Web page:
Aggregate demand, Aggregation problem, Conscious Design, David Kreps, F.A. Hayek, Interventionism, Library of Economics and Liberty, Norman Barry, Spontaneous Social Order, The Counter-Revolution of Science
The great gains in human welfare over the past few hundred years are not the result of some conscious design by a central authority. They are due instead to the emergence of conditions under which a “spontaneous social order” could bear fruit. Yet most people toil under the illusion that the progress of humanity and civilization are impossible without the imposition of some conscious design and intervention by human planners. In “The Counter-Revolution of Science“, F.A. Hayek noted that conscious direction was unnecessary to the development of such fundamental institutions as language, markets, money, the legal system and morals:
“We flatter ourselves undeservedly if we represent human civilization as entirely the product of conscious reason or as the product of human design, or when we assume that it is necessarily in our power deliberately to re-create or to maintain what we have built without knowing what we were doing.“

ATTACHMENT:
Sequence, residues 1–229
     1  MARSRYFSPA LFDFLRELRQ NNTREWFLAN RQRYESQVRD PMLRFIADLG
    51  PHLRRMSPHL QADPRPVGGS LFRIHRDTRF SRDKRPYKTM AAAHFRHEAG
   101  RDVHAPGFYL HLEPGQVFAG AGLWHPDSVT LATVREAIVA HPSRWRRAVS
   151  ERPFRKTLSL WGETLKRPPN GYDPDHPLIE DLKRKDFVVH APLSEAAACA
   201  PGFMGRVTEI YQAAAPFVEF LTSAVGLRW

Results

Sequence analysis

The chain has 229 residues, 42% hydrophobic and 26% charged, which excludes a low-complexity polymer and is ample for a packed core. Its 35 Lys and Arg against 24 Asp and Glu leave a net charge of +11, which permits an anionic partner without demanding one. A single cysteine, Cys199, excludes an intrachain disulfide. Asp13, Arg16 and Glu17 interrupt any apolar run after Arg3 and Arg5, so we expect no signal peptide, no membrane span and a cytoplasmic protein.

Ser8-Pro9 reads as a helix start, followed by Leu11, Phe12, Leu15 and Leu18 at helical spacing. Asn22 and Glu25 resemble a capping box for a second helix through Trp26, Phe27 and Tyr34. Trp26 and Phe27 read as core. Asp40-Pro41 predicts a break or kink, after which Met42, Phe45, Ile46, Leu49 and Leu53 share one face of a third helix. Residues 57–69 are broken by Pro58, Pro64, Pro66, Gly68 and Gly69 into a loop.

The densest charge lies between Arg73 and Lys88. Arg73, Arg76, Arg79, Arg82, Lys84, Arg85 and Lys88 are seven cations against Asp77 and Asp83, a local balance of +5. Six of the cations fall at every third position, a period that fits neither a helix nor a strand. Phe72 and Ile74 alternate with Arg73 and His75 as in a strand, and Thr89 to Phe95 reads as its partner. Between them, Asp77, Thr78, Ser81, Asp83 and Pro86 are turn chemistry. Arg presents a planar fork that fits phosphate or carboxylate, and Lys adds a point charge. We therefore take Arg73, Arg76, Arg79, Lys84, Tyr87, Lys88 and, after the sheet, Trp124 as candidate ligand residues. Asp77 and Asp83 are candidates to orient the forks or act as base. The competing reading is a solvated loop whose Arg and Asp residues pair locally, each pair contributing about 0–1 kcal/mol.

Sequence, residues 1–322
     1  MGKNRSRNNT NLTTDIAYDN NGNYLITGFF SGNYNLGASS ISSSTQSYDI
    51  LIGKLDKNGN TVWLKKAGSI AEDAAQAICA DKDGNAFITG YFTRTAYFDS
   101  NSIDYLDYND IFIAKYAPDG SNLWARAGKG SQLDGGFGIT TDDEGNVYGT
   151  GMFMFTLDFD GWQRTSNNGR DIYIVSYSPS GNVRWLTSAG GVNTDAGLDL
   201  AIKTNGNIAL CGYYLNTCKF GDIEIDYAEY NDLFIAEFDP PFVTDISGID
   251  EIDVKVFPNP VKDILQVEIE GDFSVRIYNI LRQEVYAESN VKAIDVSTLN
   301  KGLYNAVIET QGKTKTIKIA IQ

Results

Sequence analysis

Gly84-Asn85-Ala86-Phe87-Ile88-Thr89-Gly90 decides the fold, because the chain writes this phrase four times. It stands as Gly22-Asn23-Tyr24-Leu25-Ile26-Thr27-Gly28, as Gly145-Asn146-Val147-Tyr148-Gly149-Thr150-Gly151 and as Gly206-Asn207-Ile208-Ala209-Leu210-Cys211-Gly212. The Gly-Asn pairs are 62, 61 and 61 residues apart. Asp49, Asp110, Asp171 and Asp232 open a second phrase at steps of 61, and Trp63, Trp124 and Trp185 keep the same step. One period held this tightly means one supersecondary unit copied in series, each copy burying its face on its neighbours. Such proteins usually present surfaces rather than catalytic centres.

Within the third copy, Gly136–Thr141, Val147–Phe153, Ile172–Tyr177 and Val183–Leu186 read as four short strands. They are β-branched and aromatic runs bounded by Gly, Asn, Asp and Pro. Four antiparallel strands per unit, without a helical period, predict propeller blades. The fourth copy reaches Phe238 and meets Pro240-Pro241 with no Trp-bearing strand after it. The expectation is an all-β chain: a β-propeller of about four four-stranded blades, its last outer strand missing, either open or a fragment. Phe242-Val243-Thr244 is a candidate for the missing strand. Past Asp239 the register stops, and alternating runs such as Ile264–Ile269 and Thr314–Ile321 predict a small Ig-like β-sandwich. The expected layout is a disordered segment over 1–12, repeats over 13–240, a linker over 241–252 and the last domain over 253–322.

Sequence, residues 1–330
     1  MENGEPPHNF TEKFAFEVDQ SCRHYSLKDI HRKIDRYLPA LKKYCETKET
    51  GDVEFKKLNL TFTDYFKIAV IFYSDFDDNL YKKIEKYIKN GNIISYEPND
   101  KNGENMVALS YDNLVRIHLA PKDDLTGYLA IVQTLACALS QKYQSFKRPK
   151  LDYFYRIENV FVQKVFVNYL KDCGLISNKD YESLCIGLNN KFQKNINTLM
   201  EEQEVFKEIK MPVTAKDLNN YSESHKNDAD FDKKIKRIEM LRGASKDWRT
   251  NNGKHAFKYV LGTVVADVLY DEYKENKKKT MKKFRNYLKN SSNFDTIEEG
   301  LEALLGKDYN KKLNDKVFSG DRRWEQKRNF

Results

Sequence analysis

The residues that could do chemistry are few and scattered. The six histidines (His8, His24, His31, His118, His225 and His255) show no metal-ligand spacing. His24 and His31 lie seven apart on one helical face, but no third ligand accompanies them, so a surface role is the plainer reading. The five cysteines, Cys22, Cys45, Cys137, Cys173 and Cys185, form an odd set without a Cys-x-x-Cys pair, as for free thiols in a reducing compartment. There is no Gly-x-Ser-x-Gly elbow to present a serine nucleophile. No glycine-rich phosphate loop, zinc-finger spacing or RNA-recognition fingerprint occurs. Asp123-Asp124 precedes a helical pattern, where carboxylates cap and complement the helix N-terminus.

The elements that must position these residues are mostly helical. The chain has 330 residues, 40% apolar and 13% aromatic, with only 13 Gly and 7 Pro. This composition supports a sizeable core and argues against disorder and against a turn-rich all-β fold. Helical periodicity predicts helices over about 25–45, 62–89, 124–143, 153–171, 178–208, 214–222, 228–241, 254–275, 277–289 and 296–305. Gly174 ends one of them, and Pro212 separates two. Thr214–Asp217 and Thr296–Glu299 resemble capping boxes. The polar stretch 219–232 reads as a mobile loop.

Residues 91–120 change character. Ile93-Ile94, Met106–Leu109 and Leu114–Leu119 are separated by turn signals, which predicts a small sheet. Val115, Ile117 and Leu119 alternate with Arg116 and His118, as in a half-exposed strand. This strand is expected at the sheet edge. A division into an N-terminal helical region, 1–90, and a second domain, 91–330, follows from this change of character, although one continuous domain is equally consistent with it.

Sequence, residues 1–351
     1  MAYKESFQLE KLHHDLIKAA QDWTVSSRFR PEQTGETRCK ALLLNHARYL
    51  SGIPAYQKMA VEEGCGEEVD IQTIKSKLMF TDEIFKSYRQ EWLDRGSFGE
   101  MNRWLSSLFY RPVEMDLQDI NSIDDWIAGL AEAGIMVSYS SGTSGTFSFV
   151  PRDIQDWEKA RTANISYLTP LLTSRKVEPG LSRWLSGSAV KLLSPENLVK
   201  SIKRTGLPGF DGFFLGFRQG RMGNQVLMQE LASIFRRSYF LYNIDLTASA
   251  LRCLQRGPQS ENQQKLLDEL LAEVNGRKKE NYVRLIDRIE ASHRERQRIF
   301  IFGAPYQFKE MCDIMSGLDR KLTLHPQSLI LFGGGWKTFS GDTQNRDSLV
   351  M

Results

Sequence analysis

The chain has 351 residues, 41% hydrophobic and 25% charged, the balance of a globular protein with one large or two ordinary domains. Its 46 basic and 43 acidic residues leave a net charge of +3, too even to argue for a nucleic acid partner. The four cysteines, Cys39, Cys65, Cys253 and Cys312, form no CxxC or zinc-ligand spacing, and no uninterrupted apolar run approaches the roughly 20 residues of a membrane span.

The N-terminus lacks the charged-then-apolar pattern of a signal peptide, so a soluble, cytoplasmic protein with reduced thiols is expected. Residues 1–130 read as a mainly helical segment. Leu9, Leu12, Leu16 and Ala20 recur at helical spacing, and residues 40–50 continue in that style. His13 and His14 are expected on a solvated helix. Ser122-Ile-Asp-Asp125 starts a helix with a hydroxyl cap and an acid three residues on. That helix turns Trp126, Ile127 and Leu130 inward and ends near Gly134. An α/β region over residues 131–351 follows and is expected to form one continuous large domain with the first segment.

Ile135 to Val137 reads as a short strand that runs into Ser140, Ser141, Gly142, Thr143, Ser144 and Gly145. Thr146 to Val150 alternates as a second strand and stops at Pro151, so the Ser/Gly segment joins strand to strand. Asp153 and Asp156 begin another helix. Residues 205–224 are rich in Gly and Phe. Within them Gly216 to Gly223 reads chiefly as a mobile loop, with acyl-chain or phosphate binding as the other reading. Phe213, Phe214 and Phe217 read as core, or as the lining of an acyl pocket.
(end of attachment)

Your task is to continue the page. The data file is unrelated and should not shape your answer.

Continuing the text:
A liberal, spontaneous social order arose against a backdrop of secure rights that encouraged voluntary exchange. Individuals, free to act on their preferences, capabilities and personal resources forged their own trade relationships and contractual arrangements. In this sort of environment, the prices established by free exchange not only direct goods and resources in the present, but also direct their availability over time by balancing the time preferences of savers and investors. Again, it was this set of unplanned but voluntary private arrangements that brought such dramatic material progress to humanity. The chief contributions of central authority were the provision of a reasonably stable legal environment and, ironically, the constitutional framework in the U.S. that imposed limits on government power.